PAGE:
Some want to believe that God is like a puppet master – perhaps controlling our lives like we’re puppets, causing things to happen so that we’ll come back to God because we’re bad and sinful people, which we can be. But that’s really thinking more about ourselves than about God.

For me, the providence of God is so beautifully evident in the season of Easter – in the story of the resurrection, that God takes a terrible thing – the death of his son – and creates something good out of it. And that good is resurrection.

God is like a magnet drawing us towards God – drawing the bad out of us and drawing us towards goodness in him.

Lent is a time to practice humility – not to think less of ourselves, but to think of ourselves less. This lends us to be open to the grace that God has in store for us at Easter.

We want to skip right over Good Friday. Don’t we? We don’t want to deal with the death that is in life, that’s all around us. We want to sanitize it and clean it and wash our hands of the pain of death, of the fear of death, of the concern over dying. But dying is a part of life. It’s part of who we are, part of our experience, and it’s part of our relationship with God – that God came into the world to enter into this life, including dying himself.

And so, we have nothing to fear in life, and we have nothing to fear in death, and this should give us hope. Easter is about is focusing on hope, not wishful thinking. Wishful thinking says, “Gosh, I hope I win the lottery this week, or I hope my team wins the tournament coming up, or I hope my hair would grow back or the rain.”

That’s wishful thinking. That’s not Christian hope. Our hope is a certainty, a confidence –  hope and confidence not in ourselves and what we can do, but in God and what God has done and is continuing to do. God is drawing all things towards God like that magnet.

Death is not the end. The end and the hope and the purpose for all of life is resurrection to new life. That’s who we are – a people on hope, a people of resurrection. And if we can focus on that, instead of the badness, of our own sinfulness, if we can focus on grace and resurrection and seeking to see it and our life, then we will see it and experience it. We will begin to trust more, see grace more, be more accepting of others and live lives of hope.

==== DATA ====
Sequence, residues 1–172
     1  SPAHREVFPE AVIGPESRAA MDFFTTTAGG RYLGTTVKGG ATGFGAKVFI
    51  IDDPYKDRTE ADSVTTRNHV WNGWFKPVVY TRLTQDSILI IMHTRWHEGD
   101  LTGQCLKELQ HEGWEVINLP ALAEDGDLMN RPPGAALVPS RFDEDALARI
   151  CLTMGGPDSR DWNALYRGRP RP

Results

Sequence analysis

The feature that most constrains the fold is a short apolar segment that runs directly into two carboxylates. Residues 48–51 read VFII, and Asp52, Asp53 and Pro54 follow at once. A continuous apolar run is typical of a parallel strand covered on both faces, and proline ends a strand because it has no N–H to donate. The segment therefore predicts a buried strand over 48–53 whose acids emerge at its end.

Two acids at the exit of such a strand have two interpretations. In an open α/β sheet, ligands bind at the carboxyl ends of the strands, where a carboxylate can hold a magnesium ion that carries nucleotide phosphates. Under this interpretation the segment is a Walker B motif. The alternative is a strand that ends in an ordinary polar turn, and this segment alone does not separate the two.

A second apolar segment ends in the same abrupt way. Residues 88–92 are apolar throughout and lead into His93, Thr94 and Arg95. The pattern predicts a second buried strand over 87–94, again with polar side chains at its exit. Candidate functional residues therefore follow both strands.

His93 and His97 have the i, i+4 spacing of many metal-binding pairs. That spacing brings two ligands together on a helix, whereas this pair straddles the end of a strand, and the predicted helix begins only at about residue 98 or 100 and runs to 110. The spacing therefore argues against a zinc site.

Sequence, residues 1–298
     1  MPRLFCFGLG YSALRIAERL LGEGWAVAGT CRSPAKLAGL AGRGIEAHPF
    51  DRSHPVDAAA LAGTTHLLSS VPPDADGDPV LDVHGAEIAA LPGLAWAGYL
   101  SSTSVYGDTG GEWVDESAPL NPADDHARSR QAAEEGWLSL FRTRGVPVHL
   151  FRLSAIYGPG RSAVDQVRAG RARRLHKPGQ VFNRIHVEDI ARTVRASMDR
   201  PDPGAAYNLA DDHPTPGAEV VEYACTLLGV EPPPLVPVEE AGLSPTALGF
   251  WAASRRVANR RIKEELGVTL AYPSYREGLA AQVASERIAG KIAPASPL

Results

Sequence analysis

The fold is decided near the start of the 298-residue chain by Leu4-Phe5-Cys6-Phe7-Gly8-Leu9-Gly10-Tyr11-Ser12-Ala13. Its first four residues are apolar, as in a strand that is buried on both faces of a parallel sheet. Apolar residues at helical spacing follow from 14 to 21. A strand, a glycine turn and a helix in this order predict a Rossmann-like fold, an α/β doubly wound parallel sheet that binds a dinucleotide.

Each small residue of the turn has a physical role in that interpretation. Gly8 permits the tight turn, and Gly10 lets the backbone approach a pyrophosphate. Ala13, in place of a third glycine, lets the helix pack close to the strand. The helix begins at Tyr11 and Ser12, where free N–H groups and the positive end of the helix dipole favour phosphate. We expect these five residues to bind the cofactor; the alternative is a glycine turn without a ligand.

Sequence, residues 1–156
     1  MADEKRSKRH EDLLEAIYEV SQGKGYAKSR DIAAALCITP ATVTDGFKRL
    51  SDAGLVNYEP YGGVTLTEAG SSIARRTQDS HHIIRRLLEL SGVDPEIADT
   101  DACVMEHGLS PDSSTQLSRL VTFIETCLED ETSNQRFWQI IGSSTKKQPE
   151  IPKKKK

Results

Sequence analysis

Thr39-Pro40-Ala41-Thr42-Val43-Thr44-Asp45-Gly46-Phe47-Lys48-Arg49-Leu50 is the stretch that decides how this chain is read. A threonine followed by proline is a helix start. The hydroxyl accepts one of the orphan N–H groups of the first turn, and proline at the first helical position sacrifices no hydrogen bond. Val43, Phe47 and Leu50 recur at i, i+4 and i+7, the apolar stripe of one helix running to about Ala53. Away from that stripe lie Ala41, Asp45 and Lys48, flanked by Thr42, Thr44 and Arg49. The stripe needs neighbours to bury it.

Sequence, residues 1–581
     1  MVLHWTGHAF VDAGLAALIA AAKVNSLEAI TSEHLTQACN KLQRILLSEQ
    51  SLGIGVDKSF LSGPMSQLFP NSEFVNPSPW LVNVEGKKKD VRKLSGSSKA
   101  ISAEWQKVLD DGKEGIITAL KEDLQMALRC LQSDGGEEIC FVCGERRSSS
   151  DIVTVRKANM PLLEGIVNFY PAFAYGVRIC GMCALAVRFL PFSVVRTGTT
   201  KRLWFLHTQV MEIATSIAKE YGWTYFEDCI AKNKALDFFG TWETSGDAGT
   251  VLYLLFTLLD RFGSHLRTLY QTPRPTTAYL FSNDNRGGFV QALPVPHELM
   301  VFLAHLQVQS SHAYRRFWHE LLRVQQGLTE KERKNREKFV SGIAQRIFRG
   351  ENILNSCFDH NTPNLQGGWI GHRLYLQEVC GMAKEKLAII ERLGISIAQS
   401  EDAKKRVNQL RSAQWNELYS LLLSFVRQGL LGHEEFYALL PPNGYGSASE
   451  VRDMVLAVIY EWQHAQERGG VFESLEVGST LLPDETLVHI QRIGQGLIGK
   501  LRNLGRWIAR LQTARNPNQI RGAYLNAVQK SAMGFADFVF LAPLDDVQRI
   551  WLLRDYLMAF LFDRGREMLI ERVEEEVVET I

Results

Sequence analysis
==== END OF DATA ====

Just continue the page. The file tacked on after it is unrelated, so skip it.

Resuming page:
We’re called to be a resurrection people. That’s what Easter is all about and that’s my call to you in this season of Easter.

Richard Rohr says it really well. He said, “God appears to be resurrecting everything all the time. It’s nothing to believe in as much as it is something to observe and be taught.”

In this season of Easter, my friends, look about you and see the good things that are coming to life all around.

Let me end with a prayer. It comes out of our prayer book in the service for ordinations.

O God of unchangeable power and eternal light, look favorably on your whole church, that wonderful and sacred ministry. By the effectual working of your providence, carry out in tranquility, the plan of salvation. Let the whole world see and know that things which are cast down are being raised up and things which had grown old are being made new and that all things are being brought to their perfection by him through all things were made, your Son, Jesus Christ our Lord, who lives and reigns with you in the unity of the Holy Spirit. One God, forever and ever. Amen.

Happy Easter.


Hola, Michigan Occidental. Espero que estén bien.

Nos estamos acercando al final de nuestro peregrinaje cuaresmal, llegando a la Pascua, y quería compartir algunos pensamientos con ustedes para ayudarles a celebrar este tiempo especial del año para nosotros.

La Cuaresma, como saben, es un tiempo de disciplina – un tiempo de ayuno y oración, un tiempo para la introspección y la reflexión y, sobre todo, a un tiempo para arrepentirnos, dar la vuelta, cambiar de dirección, y volvernos hacia Dios en vez de alejarnos de Él. Es un tiempo para intentar crear una disciplina de oración, estudio, y reflexión que nos ayude a centrarnos en Dios, de modo que cuando la Pascua llegue, podamos experimentar la alegría de la vida nueva.

Algunas personas dicen que hay una razón para todo – cuando pasan cosas malas. Cuando ocurren huracanes o inundaciones. Cuando tenemos terribles crímenes y tiroteos masivos, como los que seguimos viendo.